Don't call them tankies
The right is stealing socialist valor, and liberals are happy to play along.
A few years ago I spent a lot of time writing about the Post Left — a media clique that used Marxist rhetoric to promote the GOP — and the probability that we’d be seeing more of this in the future. That group has since collapsed in a pretty hilarious spectacle of scandals and infighting, but the broader problem of Republican “Marxism” is still with us. And if you want to see what I mean, just look at half of the folks in the discourse who have been loudly calling themselves tankies:
The most obvious contradiction here, of course, is that communism is directly at odds with MAGA’s historical and stated politics. Trump explicitly declared that America “will never be a socialist country,” built his 2020 campaign around villifying Joe Biden as a crypto-socialist, and built his base around a Republican constituency that voices 9% approval of socialism and 78% approval of capitalism.
Point all of this out and the standard response will involve mumbling about “labels”; bizarre claims that Trump, a deeply polarizing president who lost the working class, actually unified them against the “establishment”; and even vaguer claims about him being “disruptive.” Dig in just a little bit more and it becomes clear that the only thing MAGA Communism is “disrupting” is the meaning of words like communism:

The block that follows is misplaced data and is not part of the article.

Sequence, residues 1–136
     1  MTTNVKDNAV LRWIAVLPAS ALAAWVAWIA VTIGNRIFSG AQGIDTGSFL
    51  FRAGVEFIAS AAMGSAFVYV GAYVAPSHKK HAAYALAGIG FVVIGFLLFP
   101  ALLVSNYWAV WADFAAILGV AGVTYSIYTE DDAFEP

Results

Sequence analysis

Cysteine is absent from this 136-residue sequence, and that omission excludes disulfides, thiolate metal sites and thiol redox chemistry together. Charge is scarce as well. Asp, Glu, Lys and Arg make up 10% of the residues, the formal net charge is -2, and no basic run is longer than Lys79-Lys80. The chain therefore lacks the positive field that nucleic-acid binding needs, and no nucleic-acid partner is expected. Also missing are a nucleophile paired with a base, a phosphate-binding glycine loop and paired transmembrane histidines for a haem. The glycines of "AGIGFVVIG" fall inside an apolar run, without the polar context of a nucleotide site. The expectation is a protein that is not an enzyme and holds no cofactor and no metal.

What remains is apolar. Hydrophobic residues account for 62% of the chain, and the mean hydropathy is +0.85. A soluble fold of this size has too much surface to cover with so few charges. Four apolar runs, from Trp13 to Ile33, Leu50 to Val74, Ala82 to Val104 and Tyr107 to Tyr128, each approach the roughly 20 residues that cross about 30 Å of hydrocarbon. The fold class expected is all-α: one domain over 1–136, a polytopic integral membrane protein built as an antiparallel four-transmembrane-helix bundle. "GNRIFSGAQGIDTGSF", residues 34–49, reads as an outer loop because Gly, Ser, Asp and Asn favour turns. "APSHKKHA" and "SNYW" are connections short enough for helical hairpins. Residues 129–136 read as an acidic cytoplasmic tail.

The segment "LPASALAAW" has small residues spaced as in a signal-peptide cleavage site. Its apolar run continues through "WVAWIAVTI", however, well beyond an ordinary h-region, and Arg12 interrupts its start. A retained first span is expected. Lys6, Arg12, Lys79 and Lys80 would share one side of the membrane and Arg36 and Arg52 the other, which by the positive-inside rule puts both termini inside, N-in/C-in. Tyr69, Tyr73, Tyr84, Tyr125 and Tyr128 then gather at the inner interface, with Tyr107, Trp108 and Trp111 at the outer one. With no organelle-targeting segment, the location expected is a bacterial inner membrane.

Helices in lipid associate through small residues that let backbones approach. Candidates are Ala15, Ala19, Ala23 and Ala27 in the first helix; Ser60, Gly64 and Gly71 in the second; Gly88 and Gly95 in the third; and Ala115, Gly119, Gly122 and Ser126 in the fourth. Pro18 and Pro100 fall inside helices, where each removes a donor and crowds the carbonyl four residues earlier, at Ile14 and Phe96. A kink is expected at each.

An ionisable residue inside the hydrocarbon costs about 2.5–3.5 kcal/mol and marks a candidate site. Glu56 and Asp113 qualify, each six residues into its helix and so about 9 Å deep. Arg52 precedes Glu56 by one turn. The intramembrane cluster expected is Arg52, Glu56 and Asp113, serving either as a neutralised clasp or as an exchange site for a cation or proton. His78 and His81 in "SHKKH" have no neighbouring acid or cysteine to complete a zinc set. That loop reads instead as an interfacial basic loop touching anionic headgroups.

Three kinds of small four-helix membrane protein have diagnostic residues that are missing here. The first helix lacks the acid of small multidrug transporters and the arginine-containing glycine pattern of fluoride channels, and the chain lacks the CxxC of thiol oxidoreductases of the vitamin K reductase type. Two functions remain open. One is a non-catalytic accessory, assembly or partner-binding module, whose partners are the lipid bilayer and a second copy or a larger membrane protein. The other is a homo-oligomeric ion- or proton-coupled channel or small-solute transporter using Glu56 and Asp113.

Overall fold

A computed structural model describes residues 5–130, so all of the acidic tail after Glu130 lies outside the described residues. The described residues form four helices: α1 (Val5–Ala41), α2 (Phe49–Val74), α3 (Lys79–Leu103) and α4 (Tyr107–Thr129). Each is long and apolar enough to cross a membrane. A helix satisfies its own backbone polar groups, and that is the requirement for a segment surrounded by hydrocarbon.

#MAGACommunists claim to be reclaiming a revolutionary legacy rooted in a deep patriotic respect for the national, familial, and cultural premises that define a people…“Socialism with American characteristics,” as they call it, does not aim to change all private-property relations, let alone abolish all private property. On the contrary, it is one that aims to overthrow the monopolists, the bankers, Big Pharma, Big Agriculture, Big Tech and others, in order to allow people have more things, not less.
This certainly isn’t communism. It isn’t even democratic socialism. This is banal center-right David Brooks politics, right down to the skepticism of left egalitarianism, the defense of private property, and the focus on market reformism and small business. How many times do we have to see stuff like Josh Hawley writing for Compact and Anna Khachiyan promoting Michael Lind before we stop talking about these people as building some kind of groundbreaking political alliance and start recognizing them as the standard-issue Mitt Romney Republicans they actually are?
It’s a testament to the utter marginality of socialism that our politics can be co-opted this egregiously. On the merits it makes absolutely zero sense that outspoken champions of nationalism and private property would position themselves as tankies — that is, as communists who put down a nationalist revolution. But Republicans approve because it lets them dress up their reactionary agenda as radical, and Democrats approve because they think it makes Republicans and communists look bad. Tankies, in the end, don’t even get to keep their name.
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